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Re: [XML-Data] review of current draft

From: Christian De Sainte Marie <csma@fr.ibm.com>
Date: Fri, 18 Jun 2010 14:36:28 +0200
To: Jos de Bruijn <jos.debruijn@gmail.com>
Cc: RIF <public-rif-wg@w3.org>
Message-ID: <OF8F027AE8.E4A9D44C-ONC1257744.00324E5A-C1257746.0045426F@fr.ibm.com>
Hi Jos,

I implemented the changes as discussed. Here below are some additional 
comments and explanations, inlined.

Jos de Bruijn <jos.debruijn@gmail.com> wrote on 16/06/2010 10:04:55:
> >>
> >> 10- why give separate definitions for the semantics of Core+XML and
> >> BLD+XML combinations? 
> 
> BLD is a syntactic extension, but is semantically the same. So, right
> now there is a lot of duplication, in particular the definition of
> combined interpretation. It is not necessary to define the semantics
> twice, so don't do it.

Ok, that makes sense.

> > I am not convinced why we should do otherwise, but if there is 
overwhelming
> > support to rewrite everything the other way round, I will do it.
> 
> I'm not talking about rewriting anything, only about removing the 
duplication.

Well, that required some rewriting, still...

Anyway, it is done :-)

> >> 12- Is there a difference between QName and expanded QName? If so,
> >> what is the difference?

I included the definitions in the glossary.

> >> 13- section 3.2, 8. [typed value], first bullet: why do you deviate
> >> from the XQuery data model?
> >
> > Because we need a handle to the element information itself, when it is
> > object-like (that is, element-only children), so we can dig into it. 
And
> > XDM, in that case, defines the types value as being undefined, which 
is
> > useless in our case...
> 
> Ok. Perhaps add this explanation to the document.

Done.

> >> 14- section 4: what is are XML instance and data documents, and what
> >> is the difference with XML documents? Both notions should be defined.

I replaced, everywhere, "XML data document" and XML instance document" 
with "XML data" or "XML document" as appropriate (depending on whether it 
was about the content or the container).

> >> 15- section 4: why limit yourself to combination with only one XML
> >> document? In fact, the Core syntax does not have this limitation, so
> >> it is unclear how

I extended the definitions to cover multiple documents.

The case of multiple XML documents mixing some with XML schemas and some 
without has probably to be detailed more xplicitly: I did not do it in 
this version, but I added an editor's note.

> >> 16- a RIF document is interpreted using a semantic multi-structure,
> >> not a semantic structure. This needs to be taken into account in the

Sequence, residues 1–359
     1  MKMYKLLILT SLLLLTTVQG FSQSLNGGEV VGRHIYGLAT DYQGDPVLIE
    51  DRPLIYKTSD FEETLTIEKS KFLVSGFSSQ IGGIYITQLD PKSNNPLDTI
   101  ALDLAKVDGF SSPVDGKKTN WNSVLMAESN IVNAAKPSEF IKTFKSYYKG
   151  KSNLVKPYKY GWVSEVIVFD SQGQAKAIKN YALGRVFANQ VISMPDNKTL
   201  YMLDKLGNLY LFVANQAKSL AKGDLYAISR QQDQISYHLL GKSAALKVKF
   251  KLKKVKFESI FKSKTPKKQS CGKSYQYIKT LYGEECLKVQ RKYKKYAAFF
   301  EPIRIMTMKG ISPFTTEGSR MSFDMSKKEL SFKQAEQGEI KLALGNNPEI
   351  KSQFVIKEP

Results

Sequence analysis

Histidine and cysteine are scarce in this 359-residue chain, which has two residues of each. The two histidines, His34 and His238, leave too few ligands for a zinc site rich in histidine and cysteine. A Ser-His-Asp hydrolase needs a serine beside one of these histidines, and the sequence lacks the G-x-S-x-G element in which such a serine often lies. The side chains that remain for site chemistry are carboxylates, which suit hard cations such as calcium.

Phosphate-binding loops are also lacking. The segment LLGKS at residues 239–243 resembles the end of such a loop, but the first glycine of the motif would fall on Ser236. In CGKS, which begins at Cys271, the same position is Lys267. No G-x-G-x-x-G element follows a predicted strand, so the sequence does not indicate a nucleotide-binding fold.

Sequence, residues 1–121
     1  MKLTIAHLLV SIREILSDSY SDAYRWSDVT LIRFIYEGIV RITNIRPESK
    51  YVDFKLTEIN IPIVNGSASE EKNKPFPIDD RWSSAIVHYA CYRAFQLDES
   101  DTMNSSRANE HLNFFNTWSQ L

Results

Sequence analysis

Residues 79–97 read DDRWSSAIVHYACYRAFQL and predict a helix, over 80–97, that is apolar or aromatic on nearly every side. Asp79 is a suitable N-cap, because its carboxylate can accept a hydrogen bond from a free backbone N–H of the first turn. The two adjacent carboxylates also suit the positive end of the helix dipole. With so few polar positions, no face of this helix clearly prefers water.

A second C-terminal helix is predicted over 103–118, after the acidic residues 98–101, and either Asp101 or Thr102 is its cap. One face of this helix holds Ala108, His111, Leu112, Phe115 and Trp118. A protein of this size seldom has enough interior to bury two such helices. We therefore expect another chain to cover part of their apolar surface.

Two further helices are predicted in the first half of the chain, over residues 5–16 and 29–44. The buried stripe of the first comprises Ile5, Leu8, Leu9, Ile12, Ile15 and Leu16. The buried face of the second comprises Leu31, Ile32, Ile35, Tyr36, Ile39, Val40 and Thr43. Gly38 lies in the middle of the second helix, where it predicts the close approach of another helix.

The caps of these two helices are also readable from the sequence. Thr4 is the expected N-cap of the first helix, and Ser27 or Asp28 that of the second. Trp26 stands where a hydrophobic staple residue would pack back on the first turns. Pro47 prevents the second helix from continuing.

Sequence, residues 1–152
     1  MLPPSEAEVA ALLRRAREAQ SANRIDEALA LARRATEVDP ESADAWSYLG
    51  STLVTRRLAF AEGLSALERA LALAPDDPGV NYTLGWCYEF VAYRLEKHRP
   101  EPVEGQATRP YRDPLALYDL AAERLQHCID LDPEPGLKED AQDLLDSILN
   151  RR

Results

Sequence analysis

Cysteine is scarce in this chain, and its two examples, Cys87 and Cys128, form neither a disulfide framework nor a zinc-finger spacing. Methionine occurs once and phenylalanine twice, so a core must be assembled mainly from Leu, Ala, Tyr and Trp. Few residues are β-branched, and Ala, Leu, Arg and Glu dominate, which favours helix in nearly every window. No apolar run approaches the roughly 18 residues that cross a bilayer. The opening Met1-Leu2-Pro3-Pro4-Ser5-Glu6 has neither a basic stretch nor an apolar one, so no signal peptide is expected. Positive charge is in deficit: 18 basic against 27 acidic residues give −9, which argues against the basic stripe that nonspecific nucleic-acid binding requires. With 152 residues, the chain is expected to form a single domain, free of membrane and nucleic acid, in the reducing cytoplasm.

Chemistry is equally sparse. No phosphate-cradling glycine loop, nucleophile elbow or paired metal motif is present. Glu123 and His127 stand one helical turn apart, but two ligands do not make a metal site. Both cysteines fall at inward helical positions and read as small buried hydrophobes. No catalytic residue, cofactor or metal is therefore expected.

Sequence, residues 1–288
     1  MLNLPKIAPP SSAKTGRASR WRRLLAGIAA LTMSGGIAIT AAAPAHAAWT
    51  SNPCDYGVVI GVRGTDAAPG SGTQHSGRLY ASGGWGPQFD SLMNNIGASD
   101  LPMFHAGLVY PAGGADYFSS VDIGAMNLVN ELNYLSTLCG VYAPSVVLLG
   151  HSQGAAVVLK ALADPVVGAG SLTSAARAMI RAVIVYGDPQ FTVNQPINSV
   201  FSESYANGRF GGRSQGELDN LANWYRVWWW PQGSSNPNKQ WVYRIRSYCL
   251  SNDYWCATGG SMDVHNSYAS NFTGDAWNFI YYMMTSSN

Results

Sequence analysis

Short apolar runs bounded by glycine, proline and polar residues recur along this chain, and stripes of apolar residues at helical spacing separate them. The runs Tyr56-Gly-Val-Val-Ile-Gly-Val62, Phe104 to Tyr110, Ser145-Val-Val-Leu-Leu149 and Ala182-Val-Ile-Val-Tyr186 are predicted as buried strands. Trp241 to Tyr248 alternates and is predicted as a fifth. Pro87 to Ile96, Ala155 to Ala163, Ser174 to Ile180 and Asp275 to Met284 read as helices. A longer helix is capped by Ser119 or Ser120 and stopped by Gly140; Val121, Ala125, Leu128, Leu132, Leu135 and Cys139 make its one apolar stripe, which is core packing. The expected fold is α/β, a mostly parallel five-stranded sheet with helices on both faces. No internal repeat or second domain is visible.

> >> definitions in section 4.
> 
> I guess it should be fine to say in an editor's note that the
> semantics is broadly in line with the Core semantics and that the
> definitions of satisfaction, consistency, and entailment will be
> included in the next version.

I added a section explaining how the combined semantics of a RIF BLD doc 
and XML data relates to the semantics of the RIF BLD doc alone 
(multi-structure, models, entailment etc).

Do we still need an editor's note? I did not add one, for now.

> >> 17- notions of consistency and entailment, based on combined
> >> interpretations, need to be defined for RIF+XML combinations. Stating
> >> that these notions remain unchanged from Core does not work, since 
you
> >> do not have Core structures, but combined interpretations here.
> >
> > [...]
> 
> As I mentioned above, including an editor's note along the lines as I
> mentioned should be fine for this publication.

Same response as above. And same question: do we, still, need an editor's 
note? I did not add one, for now.

> >> 18- section 4.1, 4th paragraph: constants are not "in" any lexical
> >> space. Constants have the form l^^s, where l is a string and s an IRI
> >> denoting a symbol space.

Yes, the literal of a constant is in the lexical space, right.

I think that I removed any reference to a lexical space altogether, though 
(except when excerpted from XDM). So, that should respond to your comment, 
anyway.

> >> 19- section 4.1.1, first bullet: the definition of string-matches is 
a
> >> bit hard to read and overly restrictive (e.g., it does not account 
for
> >> rdf:PlainLiterals without language tags). I would suggest to either
> >> match L_dt(c) (here, L_dt is the lexical-to-value mapping of the
> >> datatype of c) with [string value] or, better yet, just give a
> >> semantic definition: a string s string-matches i iff s=[string value]
> >> after white space normalization [of both s and [string value], I
> >> presume]. Similar for the second bullet.

I changed the first bullet slightly, to:
- a RIF constant, c, string-matches the [string value], s, of an 
information item, i, in an instance of the data model, if and only if c is 
a constant with type xs:string or a type derived from xs:string and c = s, 
after white spec normalization;

And I simplified the second bullet to:
- a RIF list, l, string-matches the [string value], s, of an information 
item, i, in an instance of the data model, if and only if s = L, after 
white space normalization, where L  is the order-preserving concatenation 
of the elements of l, after flattening l, and with a white space added 
between each element. 

Does that make the definition easier to read?

It excludes explicitly the case of rdf:plaintLiteral, though (the reason 
is that I cannot account for it without reading the rdf:plainLiteral spec 
first, which I did not do yet :-)

Is that a problem for the WD?

> >> 20- definition in sec 4.1.1, 2.: the condition does not take frame
> >> formulas with multiple attributes, nor equality between IRIs into
> >> account. I would suggest to work on the semantic level, giving the
> >> definition in terms of domain elements and the I_frame mapping. Also,
> >> when speaking about domain values, you can speak directly of strings,
> >> rather than strings obtained from constants. Similar for bullet 3 and
> >> the corresponding bullets in the definition in sec 4.1.2. In 
addition,
> >> when using a semantic definition in sec 4.1.2, you no longer need to
> >> do type matching; all you need to do is require that the value on the
> >> RIF side is equal to [typed value], when discarding the type label.
> >
> > [...]
>
> If you are having some trouble with the definition, I might be able to
> help. But I'm afraid I do not have time to work on it before June
> 22nd, so you could leave things as they are and include an editor's
> note saying that the definition will be changed along the lines of my
> comment for the next version of the document.